A farmstead in peril

In our tiny corner of the world, Vermonters are witnessing the continued erosion of the family farm, once a part of the bedrock of New England and beyond.

So who's helping our struggling family farmers and other rural residents? To their credit, some of our elected officials have shown concern; they have taken action, at least on the dairy front, but we never see these officials budge when it comes to taxes. For many rural dwellers in Vermont, the house of tax cards is soon to come crashing down.

One, little example of Vermont's rural woes can be seen in the case of the Hurlburt family's Meadowlark Farm. This 1,151-acre heritage farmstead straddles the Monkton-New Haven town line.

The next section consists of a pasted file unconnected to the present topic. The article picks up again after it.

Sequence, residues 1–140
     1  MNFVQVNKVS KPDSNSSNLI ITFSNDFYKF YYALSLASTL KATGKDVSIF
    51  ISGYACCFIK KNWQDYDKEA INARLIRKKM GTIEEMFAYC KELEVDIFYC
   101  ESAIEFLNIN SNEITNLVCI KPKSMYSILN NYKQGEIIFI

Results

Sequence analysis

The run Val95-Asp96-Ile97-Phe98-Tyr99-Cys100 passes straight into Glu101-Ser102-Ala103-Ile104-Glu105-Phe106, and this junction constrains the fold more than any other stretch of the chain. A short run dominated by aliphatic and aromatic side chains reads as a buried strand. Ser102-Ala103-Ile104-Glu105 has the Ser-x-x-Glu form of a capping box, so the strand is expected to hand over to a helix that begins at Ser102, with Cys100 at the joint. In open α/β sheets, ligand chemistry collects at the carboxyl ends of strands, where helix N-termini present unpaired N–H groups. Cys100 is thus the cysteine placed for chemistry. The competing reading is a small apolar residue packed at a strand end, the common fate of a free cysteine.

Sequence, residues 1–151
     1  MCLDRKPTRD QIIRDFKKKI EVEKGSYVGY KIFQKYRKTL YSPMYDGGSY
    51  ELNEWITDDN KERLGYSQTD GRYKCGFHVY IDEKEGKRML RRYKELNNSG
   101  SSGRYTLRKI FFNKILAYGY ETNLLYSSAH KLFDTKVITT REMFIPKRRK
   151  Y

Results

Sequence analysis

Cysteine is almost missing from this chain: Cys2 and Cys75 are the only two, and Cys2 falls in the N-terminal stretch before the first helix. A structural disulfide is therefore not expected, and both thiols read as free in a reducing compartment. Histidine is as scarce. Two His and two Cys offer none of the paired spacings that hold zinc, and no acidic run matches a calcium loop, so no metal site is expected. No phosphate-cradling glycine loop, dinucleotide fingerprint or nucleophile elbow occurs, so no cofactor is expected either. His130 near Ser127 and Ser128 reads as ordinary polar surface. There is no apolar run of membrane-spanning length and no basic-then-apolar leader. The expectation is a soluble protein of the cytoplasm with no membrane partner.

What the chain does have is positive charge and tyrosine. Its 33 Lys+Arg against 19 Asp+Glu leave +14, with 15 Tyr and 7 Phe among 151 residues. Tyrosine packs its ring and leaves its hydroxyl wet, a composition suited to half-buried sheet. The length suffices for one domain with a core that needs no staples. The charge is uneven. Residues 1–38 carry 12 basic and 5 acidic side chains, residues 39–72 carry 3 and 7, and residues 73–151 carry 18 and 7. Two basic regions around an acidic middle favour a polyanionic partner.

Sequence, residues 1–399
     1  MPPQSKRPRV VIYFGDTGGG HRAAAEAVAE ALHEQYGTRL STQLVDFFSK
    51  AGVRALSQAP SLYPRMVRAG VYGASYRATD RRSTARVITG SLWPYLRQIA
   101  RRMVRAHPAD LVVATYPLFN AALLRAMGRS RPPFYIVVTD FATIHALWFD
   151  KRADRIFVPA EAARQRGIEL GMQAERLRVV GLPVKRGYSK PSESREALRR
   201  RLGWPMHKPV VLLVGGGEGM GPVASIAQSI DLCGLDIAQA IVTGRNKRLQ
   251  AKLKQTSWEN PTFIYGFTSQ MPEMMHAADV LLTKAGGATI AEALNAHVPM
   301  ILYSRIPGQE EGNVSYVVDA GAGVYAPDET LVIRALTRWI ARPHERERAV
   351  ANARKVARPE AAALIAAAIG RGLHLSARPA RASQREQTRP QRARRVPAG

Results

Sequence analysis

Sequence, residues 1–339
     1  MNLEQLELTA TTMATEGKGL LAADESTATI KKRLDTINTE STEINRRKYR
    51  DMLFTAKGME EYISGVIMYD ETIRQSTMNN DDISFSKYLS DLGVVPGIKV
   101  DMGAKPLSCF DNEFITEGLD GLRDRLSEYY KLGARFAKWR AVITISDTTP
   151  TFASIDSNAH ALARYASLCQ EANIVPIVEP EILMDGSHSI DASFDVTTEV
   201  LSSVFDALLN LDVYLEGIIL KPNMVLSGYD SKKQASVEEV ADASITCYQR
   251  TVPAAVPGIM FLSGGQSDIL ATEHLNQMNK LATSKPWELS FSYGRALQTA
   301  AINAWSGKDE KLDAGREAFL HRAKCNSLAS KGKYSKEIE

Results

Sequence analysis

English immigrant Lebon Gates Hurlburt started this Addison County farm in 1801. Thomas Jefferson was president and Vermont was still a frontier state. Meadowlark is the oldest family held farmstead in our region. It has remained in the hands of the Hurlburt family since Lebon first plowed the land. But today-after first selling 130 milking cows in 1994 to pay the ever increasing property tax burden-patriarch Herrick Hulburt, age 78, is now facing the family's greatest crisis in 208 years: How will the Hurlburts pay the taxes before the property is seized?

Herrick's health has affected his day-to-day activities now; the last thing he wants to deal with are tax hungry state and local government officials. And the Hurlburts' tax bill has been increasing each year since they sold their herd.

In true Vermont farming tradition, Herrick's children and grandchildren live on the family land, too. Three sons, Michael, David and Rick, and their families, live in separate houses spread across the property. Their future on the land is clouded by the shadow of a growing tax obligation that is both unreasonable and impossible for them to pay based on their income-to-debt ratio.

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